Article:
Top 3 Ways to Avoid Injury and Ensure Longevity in Volleyball

Top 3 Ways to Avoid Injury and Ensure Longevity in Volleyball

CASTAWAY WILSON AND PICK UP A DUMBBELL

Enough is enough… I’ve got 3 things for you today: a rant, a lesson about movement, and a recipe for keeping your body performing at its highest potential.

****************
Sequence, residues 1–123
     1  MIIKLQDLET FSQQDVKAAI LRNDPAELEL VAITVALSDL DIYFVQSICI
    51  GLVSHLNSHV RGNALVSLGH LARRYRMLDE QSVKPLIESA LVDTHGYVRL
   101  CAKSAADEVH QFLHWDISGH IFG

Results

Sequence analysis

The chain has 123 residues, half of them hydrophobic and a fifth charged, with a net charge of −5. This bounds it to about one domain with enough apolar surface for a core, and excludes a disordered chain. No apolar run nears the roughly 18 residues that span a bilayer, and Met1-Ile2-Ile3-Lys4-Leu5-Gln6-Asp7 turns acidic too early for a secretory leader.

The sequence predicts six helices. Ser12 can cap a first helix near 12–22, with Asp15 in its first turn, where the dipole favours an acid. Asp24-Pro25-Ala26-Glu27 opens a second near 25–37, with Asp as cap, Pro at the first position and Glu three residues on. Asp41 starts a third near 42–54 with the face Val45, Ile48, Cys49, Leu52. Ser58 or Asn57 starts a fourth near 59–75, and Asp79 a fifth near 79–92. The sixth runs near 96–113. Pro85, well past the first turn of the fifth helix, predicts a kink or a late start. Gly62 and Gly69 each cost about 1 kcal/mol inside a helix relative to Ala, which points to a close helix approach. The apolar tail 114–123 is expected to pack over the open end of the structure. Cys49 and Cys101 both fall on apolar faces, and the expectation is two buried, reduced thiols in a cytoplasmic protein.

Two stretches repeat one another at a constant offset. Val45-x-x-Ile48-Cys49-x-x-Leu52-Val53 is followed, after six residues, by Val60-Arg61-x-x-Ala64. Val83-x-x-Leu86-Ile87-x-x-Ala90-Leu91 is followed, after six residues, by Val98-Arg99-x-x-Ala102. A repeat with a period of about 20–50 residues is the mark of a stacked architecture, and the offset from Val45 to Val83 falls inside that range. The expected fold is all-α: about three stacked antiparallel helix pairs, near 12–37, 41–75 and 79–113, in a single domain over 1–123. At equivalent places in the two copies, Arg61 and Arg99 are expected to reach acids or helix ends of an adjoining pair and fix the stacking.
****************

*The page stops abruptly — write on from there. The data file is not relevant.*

Too many talented young athletes and strong women are getting injured playing the sport they love. As a passionate volleyball player myself who still plays competitively on the beach, I am excited to see that the sport of volleyball has grown greatly over the years. With the addition of beach volleyball to collegiate athletics, a spark has been ignited in the youth fueling year-round competition with little to no rest or off-season. There appears to be an unspoken expectation that to be the best in volleyball or to earn a college scholarship, one needs to be competing year-round. I am here to tell you that as much as I love and support volleyball, such a high volume of single-sport training and competition without balance (rest, periodization, or cross training) has been scientifically shown to lead to detrimental overuse injuries that can negatively impact a player’s future volleyball career. As a physical therapist and former collegiate volleyball player, I want nothing more than to help these amazing players and athletes with tremendous potential stay healthy and injury free! I want them to be able to enjoy their passion of volleyball for years to come. This starts with learning about how to respect and treat the body off the volleyball court.